Why Olympic Athletes Shouldn’t Fear Zika
Should Hope Solo boycott Rio? Probably not. But here’s what you should know about the virus.
The Zika news just keeps on coming, too fast for anyone but a truly perverse fan of epidemics (such as myself) to keep straight. So to make your life easy and my life a little less pathetic, below is a quick summary of what we know about Zika virus so far.
First and foremost is the still unsettled connection between maternal infection during early pregnancy and infant microcephaly. The facts continue to trickle in but somehow the case is not yet closed. Scientists are growing Zika virus and showing it damages fetal cells, particularly cells from the brain. They have found it in autopsies of a few babies born with devastating and fatal disease. The explosion of cases of microcephaly exactly parallels the appearance of Zika in Brazil.
Yet there remains a fly in the ointment—one that still troubles public health authorities and has provided fodder for the ever-eager conspiracy specialists who follow public tragedy like ambulance-chasing lawyers. The map of Brazil showing microcephaly cases is concentrated overwhelmingly in the eastern coast but the Zika cases (presumably pregnant women as well) are distributed pretty evenly throughout the entire country. Plus some countries with Zika and pregnant women don’t seem to be seeing cases of infant microcephaly.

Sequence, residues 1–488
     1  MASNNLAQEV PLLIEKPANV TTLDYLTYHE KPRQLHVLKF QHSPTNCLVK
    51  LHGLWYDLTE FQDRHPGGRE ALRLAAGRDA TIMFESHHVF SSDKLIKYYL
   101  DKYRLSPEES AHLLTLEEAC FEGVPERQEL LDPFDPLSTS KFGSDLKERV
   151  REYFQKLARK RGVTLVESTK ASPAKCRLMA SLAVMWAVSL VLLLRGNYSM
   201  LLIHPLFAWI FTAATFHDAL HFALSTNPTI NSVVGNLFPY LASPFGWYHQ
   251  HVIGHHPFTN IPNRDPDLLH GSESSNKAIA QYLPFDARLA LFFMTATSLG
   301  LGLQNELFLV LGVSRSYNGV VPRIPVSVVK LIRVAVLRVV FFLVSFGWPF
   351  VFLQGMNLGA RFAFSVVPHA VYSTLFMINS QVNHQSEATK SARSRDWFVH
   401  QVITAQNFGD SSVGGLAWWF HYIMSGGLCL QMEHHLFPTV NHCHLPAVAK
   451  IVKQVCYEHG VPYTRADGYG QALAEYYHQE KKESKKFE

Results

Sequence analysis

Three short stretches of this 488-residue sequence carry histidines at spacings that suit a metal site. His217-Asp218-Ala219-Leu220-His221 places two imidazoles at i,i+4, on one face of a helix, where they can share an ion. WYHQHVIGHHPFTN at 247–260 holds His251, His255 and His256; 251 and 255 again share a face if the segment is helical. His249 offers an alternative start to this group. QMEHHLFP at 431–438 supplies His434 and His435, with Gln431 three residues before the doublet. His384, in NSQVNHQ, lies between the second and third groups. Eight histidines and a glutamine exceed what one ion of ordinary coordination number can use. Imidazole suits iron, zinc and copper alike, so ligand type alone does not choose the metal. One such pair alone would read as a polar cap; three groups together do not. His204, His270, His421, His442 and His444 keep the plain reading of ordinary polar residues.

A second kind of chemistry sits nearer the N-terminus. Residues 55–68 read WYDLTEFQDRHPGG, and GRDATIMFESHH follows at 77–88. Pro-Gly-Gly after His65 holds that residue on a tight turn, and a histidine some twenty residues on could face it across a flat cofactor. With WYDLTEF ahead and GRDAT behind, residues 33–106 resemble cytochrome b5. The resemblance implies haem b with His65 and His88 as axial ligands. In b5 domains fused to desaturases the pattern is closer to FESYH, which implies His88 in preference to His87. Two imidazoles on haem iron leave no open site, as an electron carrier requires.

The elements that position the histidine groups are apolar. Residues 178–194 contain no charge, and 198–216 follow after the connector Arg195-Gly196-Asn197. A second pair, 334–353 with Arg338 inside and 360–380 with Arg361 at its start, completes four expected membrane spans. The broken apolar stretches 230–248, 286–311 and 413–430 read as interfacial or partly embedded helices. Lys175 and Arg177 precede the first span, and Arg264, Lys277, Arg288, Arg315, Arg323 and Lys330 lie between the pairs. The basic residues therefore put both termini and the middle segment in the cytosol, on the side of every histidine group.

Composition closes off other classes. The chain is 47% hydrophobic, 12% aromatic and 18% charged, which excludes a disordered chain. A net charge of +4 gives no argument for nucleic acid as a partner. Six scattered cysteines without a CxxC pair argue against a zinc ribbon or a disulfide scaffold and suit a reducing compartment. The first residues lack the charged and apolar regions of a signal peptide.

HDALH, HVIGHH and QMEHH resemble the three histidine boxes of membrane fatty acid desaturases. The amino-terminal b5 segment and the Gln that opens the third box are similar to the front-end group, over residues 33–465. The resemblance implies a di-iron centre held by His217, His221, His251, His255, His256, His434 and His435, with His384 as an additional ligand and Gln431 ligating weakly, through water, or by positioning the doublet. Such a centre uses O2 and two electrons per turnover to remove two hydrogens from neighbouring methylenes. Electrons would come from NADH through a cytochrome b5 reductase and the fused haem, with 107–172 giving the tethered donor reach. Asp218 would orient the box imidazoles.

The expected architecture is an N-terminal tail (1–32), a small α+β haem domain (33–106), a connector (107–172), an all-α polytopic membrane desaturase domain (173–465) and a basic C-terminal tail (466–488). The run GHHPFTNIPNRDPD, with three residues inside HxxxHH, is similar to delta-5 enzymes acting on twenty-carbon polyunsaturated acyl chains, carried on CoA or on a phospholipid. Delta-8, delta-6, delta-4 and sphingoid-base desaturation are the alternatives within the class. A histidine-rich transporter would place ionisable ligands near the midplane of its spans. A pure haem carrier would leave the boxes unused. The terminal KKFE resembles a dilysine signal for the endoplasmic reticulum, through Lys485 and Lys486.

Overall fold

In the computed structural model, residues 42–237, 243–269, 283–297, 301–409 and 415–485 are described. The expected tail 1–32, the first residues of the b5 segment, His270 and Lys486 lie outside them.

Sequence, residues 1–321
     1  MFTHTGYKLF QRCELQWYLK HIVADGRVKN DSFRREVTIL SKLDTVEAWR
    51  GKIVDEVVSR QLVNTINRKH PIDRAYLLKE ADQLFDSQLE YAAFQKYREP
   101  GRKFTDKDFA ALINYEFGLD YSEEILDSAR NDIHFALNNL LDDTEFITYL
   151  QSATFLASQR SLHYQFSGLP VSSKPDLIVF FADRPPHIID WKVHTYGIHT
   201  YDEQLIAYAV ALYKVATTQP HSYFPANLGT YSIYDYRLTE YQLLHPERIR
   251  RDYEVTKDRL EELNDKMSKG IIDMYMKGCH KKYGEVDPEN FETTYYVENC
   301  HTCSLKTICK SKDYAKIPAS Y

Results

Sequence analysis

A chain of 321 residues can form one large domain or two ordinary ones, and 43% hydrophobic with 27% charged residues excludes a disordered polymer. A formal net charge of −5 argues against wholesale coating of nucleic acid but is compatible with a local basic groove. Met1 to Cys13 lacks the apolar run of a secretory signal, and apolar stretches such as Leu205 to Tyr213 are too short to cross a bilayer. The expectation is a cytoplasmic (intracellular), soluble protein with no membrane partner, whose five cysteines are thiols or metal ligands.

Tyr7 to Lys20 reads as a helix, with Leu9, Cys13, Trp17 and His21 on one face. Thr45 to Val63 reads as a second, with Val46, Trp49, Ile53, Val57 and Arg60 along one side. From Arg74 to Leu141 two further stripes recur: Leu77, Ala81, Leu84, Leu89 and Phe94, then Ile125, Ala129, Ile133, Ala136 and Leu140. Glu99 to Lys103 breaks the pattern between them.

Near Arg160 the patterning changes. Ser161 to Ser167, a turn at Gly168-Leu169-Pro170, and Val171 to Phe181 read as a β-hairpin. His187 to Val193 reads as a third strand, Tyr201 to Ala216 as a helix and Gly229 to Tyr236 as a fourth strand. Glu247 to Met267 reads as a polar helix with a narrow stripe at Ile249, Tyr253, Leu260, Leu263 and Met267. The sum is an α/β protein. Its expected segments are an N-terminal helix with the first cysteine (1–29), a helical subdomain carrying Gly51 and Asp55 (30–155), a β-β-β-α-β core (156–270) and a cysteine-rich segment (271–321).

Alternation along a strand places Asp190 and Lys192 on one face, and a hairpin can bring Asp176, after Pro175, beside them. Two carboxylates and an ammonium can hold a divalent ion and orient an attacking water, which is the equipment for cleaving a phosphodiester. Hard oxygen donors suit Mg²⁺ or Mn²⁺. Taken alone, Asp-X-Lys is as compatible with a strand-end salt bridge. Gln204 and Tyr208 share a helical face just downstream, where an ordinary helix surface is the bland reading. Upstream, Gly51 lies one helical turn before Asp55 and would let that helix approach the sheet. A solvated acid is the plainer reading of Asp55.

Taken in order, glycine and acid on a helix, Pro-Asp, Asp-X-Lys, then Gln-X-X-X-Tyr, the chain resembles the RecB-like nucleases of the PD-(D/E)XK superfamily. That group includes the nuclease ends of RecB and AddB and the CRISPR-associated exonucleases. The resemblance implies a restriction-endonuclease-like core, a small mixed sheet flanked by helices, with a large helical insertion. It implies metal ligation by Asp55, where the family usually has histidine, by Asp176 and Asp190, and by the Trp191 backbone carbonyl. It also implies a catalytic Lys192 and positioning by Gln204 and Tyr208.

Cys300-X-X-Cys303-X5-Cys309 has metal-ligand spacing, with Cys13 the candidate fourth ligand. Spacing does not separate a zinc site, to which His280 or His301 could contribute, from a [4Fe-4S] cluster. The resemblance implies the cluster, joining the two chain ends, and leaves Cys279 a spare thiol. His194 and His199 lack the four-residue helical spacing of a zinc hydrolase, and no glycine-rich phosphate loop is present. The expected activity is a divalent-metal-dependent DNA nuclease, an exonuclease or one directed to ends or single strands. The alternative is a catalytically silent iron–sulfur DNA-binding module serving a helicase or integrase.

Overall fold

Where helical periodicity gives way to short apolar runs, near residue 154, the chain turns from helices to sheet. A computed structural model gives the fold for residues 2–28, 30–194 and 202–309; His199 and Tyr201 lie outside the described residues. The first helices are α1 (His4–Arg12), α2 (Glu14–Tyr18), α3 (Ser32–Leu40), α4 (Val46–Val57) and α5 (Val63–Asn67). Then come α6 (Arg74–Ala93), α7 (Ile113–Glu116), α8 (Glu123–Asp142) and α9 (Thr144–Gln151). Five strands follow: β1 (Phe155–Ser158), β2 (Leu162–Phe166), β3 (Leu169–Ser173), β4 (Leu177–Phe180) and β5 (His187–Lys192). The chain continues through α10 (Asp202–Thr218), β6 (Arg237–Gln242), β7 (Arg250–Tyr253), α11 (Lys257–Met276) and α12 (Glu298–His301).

There surely are many non-grassy knoll explanations. Likeliest is the simple pace that information is gathered. The area where the first cases are seen is the area that starts to look really hard for more cases and sets up infrastructure to really enumerate the problem. Places 500 miles away may be seeing the same caseload but aren’t looking as hard or recording cases as well, at least not yet. So it is quite possible that the snapshot map from last month showing the mismatch of microcephaly cases against Zika cases is simply what happens with anything new—the first place seems so crowded.
Also plausible is that the viral strain in that region of Brazil is different at a genetic level than the virus circulating elsewhere and is, for some reason, more damaging to fetal nerve cells. Maybe the bad virus is here but not there—this sort of variation in virus behavior happens is every other viral infection, so why not Zika? Or perhaps there is a genetic difference in the human populations in the eastern coast of Brazil; perhaps something in the moms’ DNA is distinct and prevents viral control.